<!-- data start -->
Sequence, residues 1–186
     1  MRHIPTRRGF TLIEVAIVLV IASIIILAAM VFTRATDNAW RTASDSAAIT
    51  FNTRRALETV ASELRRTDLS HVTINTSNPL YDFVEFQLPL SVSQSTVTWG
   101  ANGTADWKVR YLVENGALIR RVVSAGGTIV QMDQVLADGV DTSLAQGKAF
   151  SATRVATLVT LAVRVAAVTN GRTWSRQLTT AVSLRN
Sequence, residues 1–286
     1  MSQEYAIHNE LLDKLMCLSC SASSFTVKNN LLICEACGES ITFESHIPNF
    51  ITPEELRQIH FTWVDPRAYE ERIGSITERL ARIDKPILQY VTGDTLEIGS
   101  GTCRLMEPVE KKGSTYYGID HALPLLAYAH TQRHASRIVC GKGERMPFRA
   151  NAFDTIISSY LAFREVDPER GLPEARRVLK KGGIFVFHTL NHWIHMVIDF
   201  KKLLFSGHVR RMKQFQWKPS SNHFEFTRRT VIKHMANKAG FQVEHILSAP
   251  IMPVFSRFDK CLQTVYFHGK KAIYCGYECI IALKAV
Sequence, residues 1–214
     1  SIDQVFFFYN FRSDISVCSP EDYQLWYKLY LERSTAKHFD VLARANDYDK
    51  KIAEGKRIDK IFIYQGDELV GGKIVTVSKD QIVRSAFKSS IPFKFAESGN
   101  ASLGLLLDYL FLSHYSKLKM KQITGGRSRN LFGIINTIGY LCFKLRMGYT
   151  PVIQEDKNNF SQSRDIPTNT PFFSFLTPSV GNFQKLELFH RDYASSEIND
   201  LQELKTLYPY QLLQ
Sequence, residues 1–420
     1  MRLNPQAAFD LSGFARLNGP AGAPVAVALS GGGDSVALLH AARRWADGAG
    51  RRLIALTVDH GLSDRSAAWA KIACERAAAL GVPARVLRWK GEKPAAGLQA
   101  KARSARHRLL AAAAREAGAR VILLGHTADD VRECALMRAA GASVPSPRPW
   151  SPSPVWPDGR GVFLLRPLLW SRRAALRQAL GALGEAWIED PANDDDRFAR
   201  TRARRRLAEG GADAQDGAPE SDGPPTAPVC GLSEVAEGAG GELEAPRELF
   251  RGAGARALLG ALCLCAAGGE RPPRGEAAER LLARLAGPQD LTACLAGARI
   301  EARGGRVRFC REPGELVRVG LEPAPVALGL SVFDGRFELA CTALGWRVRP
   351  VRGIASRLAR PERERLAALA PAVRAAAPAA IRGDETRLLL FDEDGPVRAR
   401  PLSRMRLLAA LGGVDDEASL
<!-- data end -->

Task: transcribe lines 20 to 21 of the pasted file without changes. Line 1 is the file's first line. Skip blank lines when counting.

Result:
     1  MRLNPQAAFD LSGFARLNGP AGAPVAVALS GGGDSVALLH AARRWADGAG
    51  RRLIALTVDH GLSDRSAAWA KIACERAAAL GVPARVLRWK GEKPAAGLQA